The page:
Il riso nasce nell’acqua e muore nel vino.
(Rice is born in water and must die in wine.)
I love this delicate, sophisticated and yet simple risotto recipe. I like to dust this creamy delight with white truffle shavings, whenever season (and wallet) allows.
"Mantecato" means buttery, and this risotto certainly will be; it’s a celebration-day dish and will be just the thing for a very special occasion. Yields 4 plentiful servings.
500 g (2 1/2 cups or 6 large fistfuls*) Carnaroli or Arborio rice
100 g (1/2 cup) unsalted butter
2 small scallions, very finely minced
1 glass dry white wine
100 g (1/2 cup) fontina cheese, finely sliced or diced
200 g (2 cups) freshly grated Parmigiano
1 liter (1 quart) simmering beef broth
50 g (1/4 cup) fresh white truffles (optional, brushed clean)
Sauté the scallion in half the butter until it begins to turn golden, then add the wine and cook over a low heat, until translucent and the wine has fully evaporated.
Add the rice, mix well, and then begin adding broth, a ladle at a time as it absorbs while cooking the grains, stirring gently all the while.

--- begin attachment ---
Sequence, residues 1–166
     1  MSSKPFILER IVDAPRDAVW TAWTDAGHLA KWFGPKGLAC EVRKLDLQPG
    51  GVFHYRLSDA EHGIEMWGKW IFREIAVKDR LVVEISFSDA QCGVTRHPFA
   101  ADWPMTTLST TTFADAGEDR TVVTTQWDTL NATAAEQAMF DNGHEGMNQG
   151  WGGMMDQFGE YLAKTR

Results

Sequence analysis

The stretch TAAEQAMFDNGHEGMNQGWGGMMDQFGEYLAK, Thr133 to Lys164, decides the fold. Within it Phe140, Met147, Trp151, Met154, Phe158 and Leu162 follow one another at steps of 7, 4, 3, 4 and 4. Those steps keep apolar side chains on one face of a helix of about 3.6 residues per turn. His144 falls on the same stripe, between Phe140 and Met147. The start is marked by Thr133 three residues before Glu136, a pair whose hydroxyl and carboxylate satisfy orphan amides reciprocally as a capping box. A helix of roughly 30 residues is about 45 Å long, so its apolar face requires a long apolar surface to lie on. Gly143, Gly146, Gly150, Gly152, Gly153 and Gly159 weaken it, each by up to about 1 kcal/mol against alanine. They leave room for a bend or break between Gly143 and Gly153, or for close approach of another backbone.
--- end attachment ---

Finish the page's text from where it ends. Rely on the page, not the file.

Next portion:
When the rice has almost completely reached the al dente stage, reduce the heat and stir in the remaining butter and the cheeses, cooking a minute or two more.
Shave half the truffles into the risotto using a truffle slicer and dot the surface with a few flecks of butter. Let the risotto rest covered for a minute, then stir briefly, transfer it to a fine bone china serving bowl, and shave the remaining truffles over it with a dramatic gesture to impress guests.
Image © Micol
* Empirical Formula | When cooking risotto, my grandmother would never weigh or measure the amount of rice needed with a scale or a cup. Her measurement was her fist capacity. One large, overflowing fistful per person plus one extra, was her rule. This purely experiential method worked for her then as it does for me today, and you may want to apply it yourself. In my risotto recipes I will however always include the standard cup equivalent as well. The usual average amount to cook per person is between 50 gr and 100 gr (1/4 to 1/2 cup), depending on how rich the other ingredients are, and guest appetite. But I sincerely trust Nonna's fail-safe system more.